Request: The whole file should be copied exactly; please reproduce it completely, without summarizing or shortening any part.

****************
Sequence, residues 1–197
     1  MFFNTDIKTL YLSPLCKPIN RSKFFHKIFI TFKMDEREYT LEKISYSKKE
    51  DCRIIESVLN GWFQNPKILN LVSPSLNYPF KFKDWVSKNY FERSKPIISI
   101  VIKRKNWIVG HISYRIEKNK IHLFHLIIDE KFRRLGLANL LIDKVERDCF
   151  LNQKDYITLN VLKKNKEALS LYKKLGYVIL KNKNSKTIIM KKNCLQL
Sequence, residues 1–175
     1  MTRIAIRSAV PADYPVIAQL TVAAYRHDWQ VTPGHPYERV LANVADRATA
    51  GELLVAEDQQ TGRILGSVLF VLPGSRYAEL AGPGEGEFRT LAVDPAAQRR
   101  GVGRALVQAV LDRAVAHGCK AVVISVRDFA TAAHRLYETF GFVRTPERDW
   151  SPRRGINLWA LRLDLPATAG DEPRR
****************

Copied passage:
Sequence, residues 1–197
     1  MFFNTDIKTL YLSPLCKPIN RSKFFHKIFI TFKMDEREYT LEKISYSKKE
    51  DCRIIESVLN GWFQNPKILN LVSPSLNYPF KFKDWVSKNY FERSKPIISI
   101  VIKRKNWIVG HISYRIEKNK IHLFHLIIDE KFRRLGLANL LIDKVERDCF
   151  LNQKDYITLN VLKKNKEALS LYKKLGYVIL KNKNSKTIIM KKNCLQL
Sequence, residues 1–175
     1  MTRIAIRSAV PADYPVIAQL TVAAYRHDWQ VTPGHPYERV LANVADRATA
    51  GELLVAEDQQ TGRILGSVLF VLPGSRYAEL AGPGEGEFRT LAVDPAAQRR
   101  GVGRALVQAV LDRAVAHGCK AVVISVRDFA TAAHRLYETF GFVRTPERDW
   151  SPRRGINLWA LRLDLPATAG DEPRR